who better to tell it to than a famed Byzantine historian? The tale he proceeds
to weave tells of many adventures in the court and retinue of the Great. These include:
seducing and falling in love with Frederick ’s wife, the Empress Beatrice;
being educated in Frederick where he gains the friendship of
a number of historical figures; embarking on a great quest to far-flung lands
known only in myth and legends. Along the way, he finds, loses, and finds again
the Holy Grail, before realizing it possesses only the power of all holy
relics, that of a symbol. With an author as erudite as Eco, you learn a fair
amount as you go and you also learn to question what you learn. This story is a
thoroughly modern takedown of religion and all forms of authority, in the guise
of the oldest form; that of the autobiographical account. Plus, it comes filled
with humor and all manner of mythological beasts! Paris
Jan Potocki, The Manuscript Found in
(1847). This novel is a mystery
locked up inside an enigma. First published over thirty years after the
author’s death in mysterious circumstances, the work was compiled from
collected manuscripts and translated into Polish from the original French
composed by Potocki. The original manuscripts having since been lost, we will
never know if we are reading the tale as intended to be told by the author. This
seems fitting given the nature of the text. The story is presented as a found
thing: a document detailing the adventures of Alphonse van Worden, an officer
of the Walloon Guards, as he journeys through the mountains of the Sierra
Morena in 18th-century Saragossa . Van Worden’s account begins
with an overnight stay in a purportedly haunted taverna where he is visited upon by two Moorish princesses, before
waking the following morning underneath a gallows some distance away and
beneath the corpses of two hanged bandits. This is just the beginning of the
strangeness. Over the course of the next sixty-six days, van Worden recounts
the tale of the people he encounters, including gypsy thieves, noblemen,
cabbalists and mathematicians, and the tales told to him by this varied bunch
of raconteurs. This multi-layered narrative blends the gothic, the romantic,
the picaresque and is a celebration of the oral tradition. It invokes the
debates over science versus religion, passion versus reason, liberty versus
social order, and marrying for love over marrying to improve one’s social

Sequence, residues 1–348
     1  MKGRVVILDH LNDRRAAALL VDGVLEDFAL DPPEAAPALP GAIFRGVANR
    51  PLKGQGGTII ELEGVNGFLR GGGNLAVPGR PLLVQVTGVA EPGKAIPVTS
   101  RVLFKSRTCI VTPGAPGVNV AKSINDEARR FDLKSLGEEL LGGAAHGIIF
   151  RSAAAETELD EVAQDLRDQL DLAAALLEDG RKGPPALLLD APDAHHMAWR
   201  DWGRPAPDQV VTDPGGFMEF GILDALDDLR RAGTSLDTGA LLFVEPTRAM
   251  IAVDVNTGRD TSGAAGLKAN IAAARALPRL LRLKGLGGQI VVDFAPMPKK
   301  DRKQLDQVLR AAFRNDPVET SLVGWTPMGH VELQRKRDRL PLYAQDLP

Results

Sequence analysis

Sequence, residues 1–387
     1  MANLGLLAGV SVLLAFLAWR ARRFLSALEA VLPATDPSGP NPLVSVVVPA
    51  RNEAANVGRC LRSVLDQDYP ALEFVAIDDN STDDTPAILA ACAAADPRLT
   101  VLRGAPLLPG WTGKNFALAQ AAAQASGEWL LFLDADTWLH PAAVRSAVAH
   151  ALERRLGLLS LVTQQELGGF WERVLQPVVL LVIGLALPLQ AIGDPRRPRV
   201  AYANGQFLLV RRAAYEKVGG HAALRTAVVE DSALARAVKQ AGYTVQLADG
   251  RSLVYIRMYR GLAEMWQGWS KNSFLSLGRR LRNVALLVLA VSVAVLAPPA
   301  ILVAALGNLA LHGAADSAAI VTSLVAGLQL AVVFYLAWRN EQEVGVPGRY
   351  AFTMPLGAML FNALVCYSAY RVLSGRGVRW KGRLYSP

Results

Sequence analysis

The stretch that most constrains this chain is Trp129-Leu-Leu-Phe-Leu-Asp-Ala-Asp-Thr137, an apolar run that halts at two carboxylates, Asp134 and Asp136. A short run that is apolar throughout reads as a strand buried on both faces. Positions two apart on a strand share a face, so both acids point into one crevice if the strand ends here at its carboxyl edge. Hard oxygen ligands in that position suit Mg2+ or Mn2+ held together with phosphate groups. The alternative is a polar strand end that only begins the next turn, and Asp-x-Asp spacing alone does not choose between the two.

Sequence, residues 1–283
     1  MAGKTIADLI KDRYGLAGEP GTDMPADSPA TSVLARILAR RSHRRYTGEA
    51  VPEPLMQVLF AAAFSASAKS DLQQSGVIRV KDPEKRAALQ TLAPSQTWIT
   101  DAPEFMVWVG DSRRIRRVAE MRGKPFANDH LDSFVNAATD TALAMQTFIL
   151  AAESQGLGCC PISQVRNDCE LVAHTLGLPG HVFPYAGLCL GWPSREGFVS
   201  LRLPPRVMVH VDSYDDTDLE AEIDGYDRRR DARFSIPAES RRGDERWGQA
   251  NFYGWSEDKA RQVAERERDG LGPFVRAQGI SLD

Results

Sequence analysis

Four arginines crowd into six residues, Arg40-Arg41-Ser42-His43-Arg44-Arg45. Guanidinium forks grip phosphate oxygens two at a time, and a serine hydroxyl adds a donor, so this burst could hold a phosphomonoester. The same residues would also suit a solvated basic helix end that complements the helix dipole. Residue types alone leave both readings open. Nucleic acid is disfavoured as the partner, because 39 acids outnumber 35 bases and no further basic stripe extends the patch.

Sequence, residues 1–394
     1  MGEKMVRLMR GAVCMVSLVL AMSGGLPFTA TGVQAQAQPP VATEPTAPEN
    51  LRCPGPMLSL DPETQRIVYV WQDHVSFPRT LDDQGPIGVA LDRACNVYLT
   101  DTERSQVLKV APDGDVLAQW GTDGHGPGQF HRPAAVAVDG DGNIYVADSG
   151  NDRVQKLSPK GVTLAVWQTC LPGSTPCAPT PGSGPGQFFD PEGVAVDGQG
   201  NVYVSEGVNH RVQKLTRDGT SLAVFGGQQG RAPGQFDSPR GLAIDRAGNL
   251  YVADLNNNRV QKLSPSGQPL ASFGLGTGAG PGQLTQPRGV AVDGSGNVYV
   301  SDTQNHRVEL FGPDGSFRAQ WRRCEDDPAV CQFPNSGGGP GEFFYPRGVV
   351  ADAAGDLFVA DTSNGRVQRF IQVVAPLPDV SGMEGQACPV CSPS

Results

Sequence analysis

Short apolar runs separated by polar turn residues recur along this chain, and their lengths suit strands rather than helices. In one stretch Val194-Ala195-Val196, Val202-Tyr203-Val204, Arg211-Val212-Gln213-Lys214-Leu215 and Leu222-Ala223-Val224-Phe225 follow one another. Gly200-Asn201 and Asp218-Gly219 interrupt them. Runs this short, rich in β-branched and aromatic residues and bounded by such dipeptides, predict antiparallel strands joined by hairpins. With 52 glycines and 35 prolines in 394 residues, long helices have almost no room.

status. This book deserves more recognition as a classic of its time that was
way ahead of its time. The breadth of Potocki’s ambition is awe-inspiring. Spain
Q: If you could have lunch with any novelist, living or dead, who would it be? What would talk to them about?
A: At the risk of sounding weird, I suppose it would have to be a naked lunch with William S. Burroughs, though how happy he’d be at being summonsed back from the dead by me is anyone’s guess. I’d ask him about his views on the relationship between art and magic; whether death had in any way altered his thinking on the predestination of our universe; and I’d also ask him how he was enjoying his immortality. And I’d hope that he was in a good mood, or I might be in trouble...
Q: What is your best piece of advice for budding authors?
A: With the writing process there are no rules. In how you go about it and what you put on the page, you have complete free reign. There are a great many people out there giving advice, much of it conflicting, and trying to make out they know the do’s and don’ts, but at the end of the day you need to trust your instincts and do what feels right for you. The clue is in the name: novels should possess an element of novelty. Read widely and pay attention to how different authors achieve their desired effects. This piece of advice is often given, but you can’t go wrong with it because the conclusions you draw are your own. On a personal note, I would also say to avoid writing courses/classes like the plague. You don’t need them and they could slow rather than speed your development. Write, write some more, persist with it and keep hold of your efforts, however embarrassing they are, so that you can refer back to them and see how much you’ve improved over the years. Enjoy the learning curve...
Q: What is your favorite inspirational quote?
A: I paraphrase: “It takes a thousand little failures to create success...”
Alternatively, here’s one of my own, an excerpt from Fool’s Sacrifice: “The best way to know the truth is not to look it in the face. You must go right round, behind the truth and look instead through its eyes; then, you will know if it is the truth it claims to be...”
No witches, warlocks or vampires...
just a sexy tale about trying to live the Hollywood dream...
Luigi's Chinese Delicatessen by Jim Vines